WASHINGTON (Reuters) - More than 1 million U.S. households have requested $40 government coupons since Tuesday to help pay for converter boxes for the coming switch to digital television, officials said on Friday.
The government has taken requests for almost 1.9 million of the coupons from more than 1 million households since the coupons became available on January 1, according to the Commerce Department, which is overseeing the program.
“The demand for coupons is strong,” Commerce Secretary Carlos Gutierrez said in a statement.
The coupon program is aimed at owners of traditional analog sets who view over-the-air broadcast TV. Those sets will not work after the digital switch on February 17, 2009 without a converter box.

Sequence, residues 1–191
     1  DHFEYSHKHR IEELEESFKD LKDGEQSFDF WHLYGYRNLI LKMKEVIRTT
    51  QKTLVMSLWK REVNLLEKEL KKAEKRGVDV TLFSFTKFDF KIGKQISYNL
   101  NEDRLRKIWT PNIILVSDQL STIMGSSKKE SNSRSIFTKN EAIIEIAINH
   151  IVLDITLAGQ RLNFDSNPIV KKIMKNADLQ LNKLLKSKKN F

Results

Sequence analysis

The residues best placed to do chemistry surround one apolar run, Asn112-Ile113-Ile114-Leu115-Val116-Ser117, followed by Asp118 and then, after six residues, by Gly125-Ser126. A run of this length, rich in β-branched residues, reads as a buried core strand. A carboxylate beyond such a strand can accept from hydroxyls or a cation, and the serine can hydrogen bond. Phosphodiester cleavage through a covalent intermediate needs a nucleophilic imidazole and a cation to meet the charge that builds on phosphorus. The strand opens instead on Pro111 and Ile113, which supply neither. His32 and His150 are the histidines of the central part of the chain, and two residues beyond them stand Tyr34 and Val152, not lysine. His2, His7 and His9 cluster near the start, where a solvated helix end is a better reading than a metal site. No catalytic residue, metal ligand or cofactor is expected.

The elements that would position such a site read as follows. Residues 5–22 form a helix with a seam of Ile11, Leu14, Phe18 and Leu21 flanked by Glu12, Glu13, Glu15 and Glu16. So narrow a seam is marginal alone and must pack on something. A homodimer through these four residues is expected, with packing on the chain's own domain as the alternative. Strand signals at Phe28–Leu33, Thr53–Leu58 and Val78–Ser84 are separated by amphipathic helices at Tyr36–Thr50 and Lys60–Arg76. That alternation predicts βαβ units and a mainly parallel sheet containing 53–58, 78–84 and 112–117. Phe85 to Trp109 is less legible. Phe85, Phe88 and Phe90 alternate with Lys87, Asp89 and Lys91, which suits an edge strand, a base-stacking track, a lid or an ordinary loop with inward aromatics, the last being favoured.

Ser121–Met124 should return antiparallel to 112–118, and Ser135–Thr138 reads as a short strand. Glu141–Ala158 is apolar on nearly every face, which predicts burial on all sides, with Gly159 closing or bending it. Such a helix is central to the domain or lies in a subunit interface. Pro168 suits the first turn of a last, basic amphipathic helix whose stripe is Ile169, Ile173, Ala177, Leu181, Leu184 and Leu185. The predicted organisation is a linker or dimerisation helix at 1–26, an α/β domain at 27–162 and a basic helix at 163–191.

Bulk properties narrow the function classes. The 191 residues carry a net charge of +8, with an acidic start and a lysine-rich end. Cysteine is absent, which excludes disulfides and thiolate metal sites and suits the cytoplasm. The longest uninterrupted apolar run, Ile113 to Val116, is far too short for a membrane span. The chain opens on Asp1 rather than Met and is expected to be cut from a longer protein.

The converters are expected to cost between $50 and $70. They will not be necessary for televisions hooked up to cable, satellite or other pay services.
Congress ordered the switch to digital television because it will free up valuable airwaves for other uses, such as for police and fire departments. It will also lead to improved picture and sound for TV viewers.
The coupon program is being overseen by an arm of the Commerce Department called the National Telecommunications and Information Administration.
The NTIA has certified more than 100 retailers to participate in the converter box program, including Best Buy Co Inc, Circuit City Stores Inc, RadioShack Corp, Sears Holdings Corp, Target Corp and Wal-Mart Stores Inc.
The government will begin distributing the coupons to consumers next month, when retailers will have converters on store shelves. Consumers have until March 31, 2009 to request coupons to help pay for the TV converters.
Reporting by Peter Kaplan, editing by Carol Bishopric